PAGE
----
Hazuki Kataoka, author of special editions of "Momotaro, the Peach Boy" and "Jack in the Bean Stalk" will demonstrate her kamishibai or story card theater for children of all ages. Reading with Hazuki will be Erika Shimahara, a teacher of Japanese and English language and culture. Children are encouraged to attend this entertaining presentation.

Saturday, November 13th at 1 p.m.
Award-winning author Ruthanne Lum McCunn will read from her famous book "Thousand Pieces of Gold." All six of her current titles will be available for signing.

Saturday, November 20th at 1 p.m.
Renown author Frank Chin joins us to introduce his new book.

Up Coming Events

Here are some events that AACP will soon be attending.
Invite us to your events.
Nov. 6
1 pm
Kamishibai or Story Card Theater AACP
San Mateo, CA
Nov. 13
1 pm
Ruthanne Lum McCunn AACP
San Mateo, CA
Nov. 13 Japanese American Museum of San Jose Craft Show San Jose Buddhist Church Betsuin
San Jose, CA
Nov. 20
1 pm
Frank Chin AACP
San Mateo, CA
Nov. 19
6-10 pm
Nov. 20
8 am-5 pm
National Pacific Islander Educator Network (NPIEN)/Pacific Islanders Association (PIA) Annual Conference CSU Long Beach
Long Beach, CA
Other Event of Interest that AACP May Not Attend
Oct. 27–31 Nat. Assoc. for Multicultural Ed. (NAME) 2004 Conference Kansas City, MO
Nov. 5-7 National Asian American Student Conference USC Campus
Los Angeles, CA

Give Us Your Feedback

Please feel free to send us your reviews, comments, and book suggestions. You can contact us at -
Leonard Chan
Executive Editor
Philip Chin

Vote Cancellation by Ignorant Voters
An Editorial by Leonard Chan and
Edited by Philip Chin
"Voters should pass a political literacy test." What was I reading? While on vacation in Maui, I picked up a local newspaper (Maui Time Weekly). One editorial in particular caught my eye - "Triumph of the Stultocracy: Voters should pass a political literacy test."

What was the writer, Ted Rall, talking about? After reading his piece with some chuckles and my head often shaking in agreement, I was amazed at the tangent that Rall was taking from the standard line of encouraging people to vote.

Rall's basic point was that recent polls and man on the street interviews (see the poll done by the Program on International Policy Attitudes indicating voter ignorance) have shown that a large percentage of the general public is ill equipped to vote and thus should not. Rall goes on to suggest that people should pass a political literacy test before voting. It was radical and a bit disconcerting that he made some sense.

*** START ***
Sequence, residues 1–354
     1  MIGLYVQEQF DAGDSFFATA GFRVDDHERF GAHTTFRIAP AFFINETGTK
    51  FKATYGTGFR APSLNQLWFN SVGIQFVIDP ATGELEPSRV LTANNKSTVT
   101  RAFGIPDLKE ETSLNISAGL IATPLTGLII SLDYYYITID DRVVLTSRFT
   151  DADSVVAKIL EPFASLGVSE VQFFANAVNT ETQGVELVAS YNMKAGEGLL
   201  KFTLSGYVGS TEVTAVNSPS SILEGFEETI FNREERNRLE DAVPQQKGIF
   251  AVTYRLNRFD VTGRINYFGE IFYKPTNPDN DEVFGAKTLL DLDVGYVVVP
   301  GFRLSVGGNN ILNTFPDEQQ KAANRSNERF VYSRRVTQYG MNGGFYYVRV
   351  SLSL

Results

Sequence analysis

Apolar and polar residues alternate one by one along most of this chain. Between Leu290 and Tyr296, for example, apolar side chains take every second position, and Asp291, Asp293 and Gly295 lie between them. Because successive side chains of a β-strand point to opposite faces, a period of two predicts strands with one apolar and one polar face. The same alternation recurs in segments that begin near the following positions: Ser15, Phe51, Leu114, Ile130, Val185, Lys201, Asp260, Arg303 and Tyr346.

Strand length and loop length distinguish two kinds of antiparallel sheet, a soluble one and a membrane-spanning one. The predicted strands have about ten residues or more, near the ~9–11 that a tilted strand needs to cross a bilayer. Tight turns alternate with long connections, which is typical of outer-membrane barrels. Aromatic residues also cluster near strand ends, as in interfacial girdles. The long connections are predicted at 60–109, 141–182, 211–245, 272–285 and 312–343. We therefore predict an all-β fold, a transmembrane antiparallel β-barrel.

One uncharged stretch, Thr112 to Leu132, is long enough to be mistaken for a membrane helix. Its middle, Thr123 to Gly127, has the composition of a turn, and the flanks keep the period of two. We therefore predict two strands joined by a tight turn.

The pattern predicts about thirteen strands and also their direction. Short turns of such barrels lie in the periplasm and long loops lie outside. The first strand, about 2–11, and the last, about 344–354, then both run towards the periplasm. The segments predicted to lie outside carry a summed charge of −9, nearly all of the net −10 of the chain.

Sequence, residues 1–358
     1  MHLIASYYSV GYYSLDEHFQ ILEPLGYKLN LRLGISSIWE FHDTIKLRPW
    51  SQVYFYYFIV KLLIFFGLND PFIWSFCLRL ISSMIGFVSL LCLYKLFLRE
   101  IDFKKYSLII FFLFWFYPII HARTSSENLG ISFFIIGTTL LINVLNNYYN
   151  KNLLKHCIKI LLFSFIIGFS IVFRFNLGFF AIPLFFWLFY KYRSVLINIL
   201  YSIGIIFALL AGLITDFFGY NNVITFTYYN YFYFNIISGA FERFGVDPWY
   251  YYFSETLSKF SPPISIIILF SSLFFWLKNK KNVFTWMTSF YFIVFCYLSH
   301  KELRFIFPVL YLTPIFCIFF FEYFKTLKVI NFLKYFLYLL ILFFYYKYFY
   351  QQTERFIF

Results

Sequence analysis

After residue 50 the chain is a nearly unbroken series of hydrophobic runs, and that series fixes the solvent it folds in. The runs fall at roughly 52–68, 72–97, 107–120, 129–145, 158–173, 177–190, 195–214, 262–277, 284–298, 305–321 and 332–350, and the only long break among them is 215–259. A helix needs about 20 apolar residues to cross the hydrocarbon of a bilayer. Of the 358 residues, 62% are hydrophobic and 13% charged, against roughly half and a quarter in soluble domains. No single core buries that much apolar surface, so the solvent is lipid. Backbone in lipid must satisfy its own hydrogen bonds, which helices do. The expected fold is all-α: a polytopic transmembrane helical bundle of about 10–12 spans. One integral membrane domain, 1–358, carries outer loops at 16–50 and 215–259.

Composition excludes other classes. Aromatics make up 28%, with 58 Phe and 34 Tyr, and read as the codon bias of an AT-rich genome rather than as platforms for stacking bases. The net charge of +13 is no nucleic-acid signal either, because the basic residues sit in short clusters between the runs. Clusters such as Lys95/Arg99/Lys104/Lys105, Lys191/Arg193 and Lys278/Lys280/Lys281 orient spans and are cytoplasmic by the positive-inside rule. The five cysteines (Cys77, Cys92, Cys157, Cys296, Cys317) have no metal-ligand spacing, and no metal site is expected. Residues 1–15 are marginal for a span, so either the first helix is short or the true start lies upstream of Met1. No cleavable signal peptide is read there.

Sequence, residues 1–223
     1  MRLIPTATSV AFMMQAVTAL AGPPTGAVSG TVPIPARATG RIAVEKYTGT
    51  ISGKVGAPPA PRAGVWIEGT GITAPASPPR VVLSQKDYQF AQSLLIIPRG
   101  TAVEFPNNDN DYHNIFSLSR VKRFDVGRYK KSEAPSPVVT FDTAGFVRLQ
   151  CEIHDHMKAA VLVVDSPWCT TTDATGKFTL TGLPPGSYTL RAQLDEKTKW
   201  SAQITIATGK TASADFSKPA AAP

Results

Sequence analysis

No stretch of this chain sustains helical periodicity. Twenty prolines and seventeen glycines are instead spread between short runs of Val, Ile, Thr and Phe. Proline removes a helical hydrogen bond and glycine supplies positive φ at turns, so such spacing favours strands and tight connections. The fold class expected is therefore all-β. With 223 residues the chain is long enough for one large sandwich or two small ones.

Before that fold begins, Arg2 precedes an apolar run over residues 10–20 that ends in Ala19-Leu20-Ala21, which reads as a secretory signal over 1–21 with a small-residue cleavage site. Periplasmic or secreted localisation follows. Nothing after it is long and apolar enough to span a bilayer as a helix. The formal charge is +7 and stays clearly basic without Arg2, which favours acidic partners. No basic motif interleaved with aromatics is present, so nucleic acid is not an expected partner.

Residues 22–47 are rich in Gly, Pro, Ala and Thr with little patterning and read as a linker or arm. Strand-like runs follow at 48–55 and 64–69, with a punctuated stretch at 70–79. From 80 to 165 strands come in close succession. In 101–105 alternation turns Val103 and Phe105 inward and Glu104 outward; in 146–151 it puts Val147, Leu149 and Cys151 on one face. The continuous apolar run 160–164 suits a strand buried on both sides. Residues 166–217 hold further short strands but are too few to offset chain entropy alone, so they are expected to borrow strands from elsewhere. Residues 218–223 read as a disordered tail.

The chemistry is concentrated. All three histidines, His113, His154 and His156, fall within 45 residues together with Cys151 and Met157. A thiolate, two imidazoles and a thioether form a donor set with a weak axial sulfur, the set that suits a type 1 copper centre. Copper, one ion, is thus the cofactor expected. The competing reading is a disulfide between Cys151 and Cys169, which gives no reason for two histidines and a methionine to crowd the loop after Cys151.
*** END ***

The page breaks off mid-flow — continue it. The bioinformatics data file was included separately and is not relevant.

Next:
He was right, why should I do so much studying of election candidates and issues, if other people that do far less can so easily cancel my vote? Shouldn't all the good citizens that do their political homework be upset at ignorant voters? Why should anybody that has a pulse vote? Had America become "a stultocracy: government by morons, for morons?"

To quash these anti-democratic thoughts, I searched for reason to vote.

Reasons to Vote

The first reason that I could think of was empowerment - the psychological importance of feeling in control. What contributes to happiness is feeling that you have some control of your life. Voting may not give you a great sense of control, but it is a very rare case where nothing you vote for wins. Even the smallest win helps us feel some measure of control. Don't you feel a bit of joy when a sports team you cheer for wins? You didn't have much to do with the win, but don't you feel like you had something to do with it? The same can be said for voting - you may not consider your vote as meaning much, but it is satisfying to know something you voted for won.

Winning Isn't Everything
Contrary to the popular sports axiom, winning isn't really everything. Feeling that you made your voice heard is also important. Even when you are on the losing side, you have the comfort of knowing that many people feel the same way you do. Knowing the score gives us a measure of the progress of our causes. It's what keeps us from taking up arms every time we don't get our way.